Meaning: Give up one person for the sake of the lineage; For the sake of a village, a lineage can be given up. Give up a village for the benefit of the region; For the sake of the soul, give up the pleasures of the earth.
Three different sources are listed for this quote: Maha Bharata Adi. 115. 36 ; Sabha. 61. 11 Hitopadeśa, Mitralābha Chanakya Neeti, Neeti 3 Rule 10
So my challenge to you is what if you didn’t have to do anything about anything, at all? Nothing at all to do, nothing at all to do about anything. Yes, make a cup of tea, because that doesn’t give you any trouble; whatever it is you have to do…, but it’s not accompanied by this idea that ‘There is something I need to do to be stable in the Awareness’ …because I tell you, that is a trap! Forget about it. If you touch this idea, you believe it instantly into existence; and then you have to believe another idea to remove it. So why not drop both ideas in the first place, and stay where You Are? You are simply Here in which all that arises for You, including the sense of spirituality…, forget about spirituality then. Forget about enlightenment. And forget about ‘you’ also. And what remains here? That which cannot be gotten rid of remains. It’s just that. Simpler than simple.
Vishaya in general means that which holds your attention. Here we are talking about that which will grab you and take you into life after life. When is anything considered a vishaya? It is considered a vishaya if you become greedy or infatuated with it. Otherwise it is not a vishaya. Therefore, everything you see in this world is not vishaya but if you become greedy or obsessed with it then it is called vishaya.
O Earth, my mother! O Wind, my father! O Fire, my friend! O Water, my good relative! O sky, my brother! Here is my last salutation to you with clasped hands! Having cast away infatuation with its wonderful power, by means of an amplitude of pure knowledge resplendent with merits developed through my association with you all, I now merge in Supreme Brahman.
In enjoyment, there is the fear of disease;
In social position, the fear of fall;
In wealth, the fear of hostile kings;
In honour, the fear of humiliation;
In strength, the fear of enemies;
In beauty, the fear of old age;
In scriptural erudition, the fear of opponents;
In virtue, the fear of seducers;
In the body, the fear of death.
All the things of the world pertaining to men are attended with fear.
Renunciation alone is fearless.
Never forget and teach to your children that as is the difference between a firefly and the blazing sun, between the infinite ocean and a little pond, between a mustard seed and the mountain Meru, such is the difference between the householder and the sannyasin!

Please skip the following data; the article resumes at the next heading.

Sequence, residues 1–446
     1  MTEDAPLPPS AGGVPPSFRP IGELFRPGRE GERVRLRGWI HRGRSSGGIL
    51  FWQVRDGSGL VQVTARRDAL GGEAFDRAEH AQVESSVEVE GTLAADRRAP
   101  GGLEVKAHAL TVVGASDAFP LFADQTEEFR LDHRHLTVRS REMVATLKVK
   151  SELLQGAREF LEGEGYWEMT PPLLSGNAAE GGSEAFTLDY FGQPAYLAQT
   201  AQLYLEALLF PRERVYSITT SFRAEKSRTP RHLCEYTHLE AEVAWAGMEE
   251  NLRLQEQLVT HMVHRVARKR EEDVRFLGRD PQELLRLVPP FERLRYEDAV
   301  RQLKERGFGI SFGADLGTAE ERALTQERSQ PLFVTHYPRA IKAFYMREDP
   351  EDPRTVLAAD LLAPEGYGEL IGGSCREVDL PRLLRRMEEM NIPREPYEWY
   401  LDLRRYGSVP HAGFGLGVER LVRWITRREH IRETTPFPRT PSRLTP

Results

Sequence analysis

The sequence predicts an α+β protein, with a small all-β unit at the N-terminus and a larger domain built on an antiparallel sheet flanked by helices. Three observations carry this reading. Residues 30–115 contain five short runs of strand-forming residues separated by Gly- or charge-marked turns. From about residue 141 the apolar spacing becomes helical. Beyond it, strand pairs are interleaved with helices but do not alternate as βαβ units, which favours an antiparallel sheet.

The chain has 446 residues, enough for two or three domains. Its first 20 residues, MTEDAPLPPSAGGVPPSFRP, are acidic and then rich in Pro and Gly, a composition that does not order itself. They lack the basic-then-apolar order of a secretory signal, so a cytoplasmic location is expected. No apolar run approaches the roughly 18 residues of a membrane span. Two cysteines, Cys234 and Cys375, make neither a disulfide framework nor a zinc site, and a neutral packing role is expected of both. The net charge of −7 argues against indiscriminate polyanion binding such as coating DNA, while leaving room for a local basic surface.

Is it possible to live abundantly with nothing, no home, a beggar without a country? Look, God has sent you someone to show you by his example that is possible. I have no home, country, wife, or children, but only earth and heaven and a simple blanket. But I am happy. I am not anxious. I am free. Look friends, how I have nothing and need nothing. See, I am a homeless, landless exile; and yet I live more free from troubles than all the rich and powerful.
Can you step back from your own mind and thus understand all things? Giving birth and nourishing, having without possessing, acting with no expectations, leading and not trying to control: this is the supreme virtue.
Jeevat Samjhe Jeevat Bujhe, Jeevat He Karo Aas
Jeevat Karam Ki Fansi Na Kaati, Mue Mukti Ki Aas
Alive one sees, alive one knows, find your liberation while alive
If Alive you do not cut the noose of your attachments , how will there be liberation with death?
You need to wake up while you are alive; it is your only chance. You need to drop the ties of attachments to illusory things that bind you in illusion. This can only be done while alive, death is not a liberator.
The great Buddhist saint Nagarjuna moved around naked except for a loincloth and, incongruously, a golden begging bowl gifted to him by the King, who was his disciple.
One night he was about to lie down to sleep among the ruins of an ancient monastery when he noticed a thief lurking behind one of the columns. “Here, take this,” said Nagarjuna, holding out the begging bowl. That way you won’t disturb me once I have fallen asleep.”
The thief eagerly grabbed the bowl and made off – only to return next morning with the bowl and a request. He said, “When you gave away this bowl so freely last night, you made me feel very poor. Teach me how to acquire the riches that make this kind of light-hearted detachment possible.”